Prime Minister John Howard said on Friday that Australia should deny entry to refugees and migrants who carry the HIV virus. Howard said people infected with tuberculosis (TB) were already prevented from coming to Australia. The arguments of those against Howard's ban are summed up by Chris Lemoh, an infectious disease specialist, researching HIV-AIDS among African immigrants in Victoria "It's a hysterical overreaction, it mixes racism with a phobia about infectious disease. To not allow people to come on the basis of any health condition is immoral, it's unethical and it's impractical to enforce."
As a recent resident myself, i had to undergo an extensive medical to gain residency status. This comprised screening for TB, Hepatitis, HIV and obesity.
The Department of Immigration and Multicultural Affairs lists three reasons for the need for immigrants to undergo such a medical;
i) To minimise public health and safety risks to the Australian community
ii) To contain public expenditure on health servies
iii) To maintain access of Australian residents to health services
I had assumed that if i was found to have one of these four conditions, my visa would be denied, but this is apparently not so, as the Dept also details the consequences of a prospective applicant found to have one of these conditions;
i) TB - "precludes the issue of a visa but opportunity is given to enable an applicant to undergo treatment."
ii) Hepatitis - "your application will not neccesarily be rejected although further tests may be required"
iii) HIV - "a decision on your application is considered on the same grounds as any other pre-exiting medical condition, i.e the cost of the condition to Australia's health services. A positive HIV test will not necessarily lead to a visa being denied."
iv) Obesity - "some exploration of related medical conditions will be made. These include diabetes, heart disease, hypertension and arthritis. Such conditions may mean you are assessed as not meeting the health requirement."
I am surprised at the heated level of debate on this issue as in most countries being an HIV carrier is an automatic disqualifier for immigration. Readers of The Australian's Have Your Say forum are split and very emotional on the issue.
i) HIV, unlike TB, is not easy to catch, hence is a very different proposition
TB is spread by breathing. Since it is somewhat draconian to ask people to stop breathing, it is understandable for the need to quarantine and even ban sufferers. However just because the HIV virus is spread in a different manner, and the virus is a poor transmitter of itself, does not make the disease any less serious.
ii) John Howard is a heartless soul who should realise that Australia has a humanitarian duty to care for HIV-infected foreigners
No, it doesn't. Harsh though this may sound, Australia's only duty is the care and welfare of its own citizens. He may be heartless but his elected mandate is the welfare of Australians and the state of the country's healthcare system, not to act as an AIDS charity.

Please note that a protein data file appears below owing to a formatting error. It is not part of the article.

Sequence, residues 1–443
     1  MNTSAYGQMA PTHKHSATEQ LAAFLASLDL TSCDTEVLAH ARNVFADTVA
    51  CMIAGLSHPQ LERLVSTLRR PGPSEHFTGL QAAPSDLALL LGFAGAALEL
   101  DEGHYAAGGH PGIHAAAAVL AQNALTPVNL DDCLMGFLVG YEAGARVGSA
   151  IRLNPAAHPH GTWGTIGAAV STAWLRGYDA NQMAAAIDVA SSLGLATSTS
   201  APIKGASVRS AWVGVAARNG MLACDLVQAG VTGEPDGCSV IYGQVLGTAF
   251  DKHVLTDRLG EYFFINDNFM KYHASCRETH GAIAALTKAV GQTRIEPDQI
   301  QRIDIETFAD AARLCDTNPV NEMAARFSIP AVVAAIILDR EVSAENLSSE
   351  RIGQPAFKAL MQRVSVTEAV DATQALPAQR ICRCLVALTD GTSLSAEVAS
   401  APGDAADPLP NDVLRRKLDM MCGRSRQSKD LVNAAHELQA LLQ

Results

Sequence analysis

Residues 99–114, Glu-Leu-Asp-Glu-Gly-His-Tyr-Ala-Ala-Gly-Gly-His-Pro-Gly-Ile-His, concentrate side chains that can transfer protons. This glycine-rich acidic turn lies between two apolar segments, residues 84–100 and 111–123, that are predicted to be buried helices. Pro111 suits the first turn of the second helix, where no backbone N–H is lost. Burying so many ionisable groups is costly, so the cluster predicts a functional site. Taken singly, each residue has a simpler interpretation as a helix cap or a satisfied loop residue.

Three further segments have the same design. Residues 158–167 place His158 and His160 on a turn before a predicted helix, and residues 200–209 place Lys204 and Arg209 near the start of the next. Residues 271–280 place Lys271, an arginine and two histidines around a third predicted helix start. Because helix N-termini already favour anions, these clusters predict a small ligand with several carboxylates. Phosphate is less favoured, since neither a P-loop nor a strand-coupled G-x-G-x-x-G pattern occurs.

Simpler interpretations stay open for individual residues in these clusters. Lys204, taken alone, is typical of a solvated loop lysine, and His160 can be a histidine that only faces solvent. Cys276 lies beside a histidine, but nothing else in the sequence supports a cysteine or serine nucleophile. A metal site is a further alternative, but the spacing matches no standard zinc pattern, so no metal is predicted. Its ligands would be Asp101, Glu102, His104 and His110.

iii) Why pick on HIV? Since smokers and fat people are the biggest drain on the health system, shouldn't the system screen for them first? Isn't this just discriminatory toward AIDS sufferers?
Well, obese people are screened and may be turned away. But the reality is that it is almost impossible to screen for smokers because they can give up or take the habit up again, and it is impossible to determine a smoker from a medical.
iv) HIV is not so dangerous these days and many AIDS sufferers go on to lead long and healthy lives.
This is the most pernicious and dangerous rationale. If this really is the case, then why is the West spending so much foreign aid combatting the disease in third world countries? Shouldn't we just stop the program now? Of course AIDS is a serious disease and suggesting it isn't is highly offensive to sufferers and deeply ignorant.
v) How will it make existing AIDS sufferers feel? Won't it turn them in to a leper colony?
I imagine it will make not a jot of difference to existing sufferers. A ban is not equivalent to declaring AIDS sufferers as "unclean", but a way to ensure that the spread of this awful disease is slowed down.
I suspect most of the most vociferous opponents of Howard's idea are the sort who would stand up and denounce him if he stood up and declared that 'two plus two equals four'.
Sadly the sceince of AIDS afer years of publicity is still largely mis-understood. Even Senators such as Andrew Bartlett ignorantly write on their blog that HIV is a non-contagious disease. Education is perhaps the best policy.
Disclaimer; i studied Biochemistry at Uni, specialising in Virology in my final year. Hence unlike most of the journos and politicians who feel free to comment on this emotive issue, i actually know what i'm talking about.
The arguments of those against Howard's ban are summed up by Chris Lemoh, an infectious disease specialist, researching HIV-AIDS among African immigrants in Victoria
"It's a hysterical overreaction, it mixes racism with a phobia about infectious disease. To not allow people to come on the basis of any health condition is immoral, it's unethical and it's impractical to enforce."Whilst i am extremely sympathetic to HIV sufferers (waiting for the result of my HIV test was one of the most frightening experiences of my life and one i would not wish on my worst enemy), these arguments are mainly emotional and do not stand up to analysis.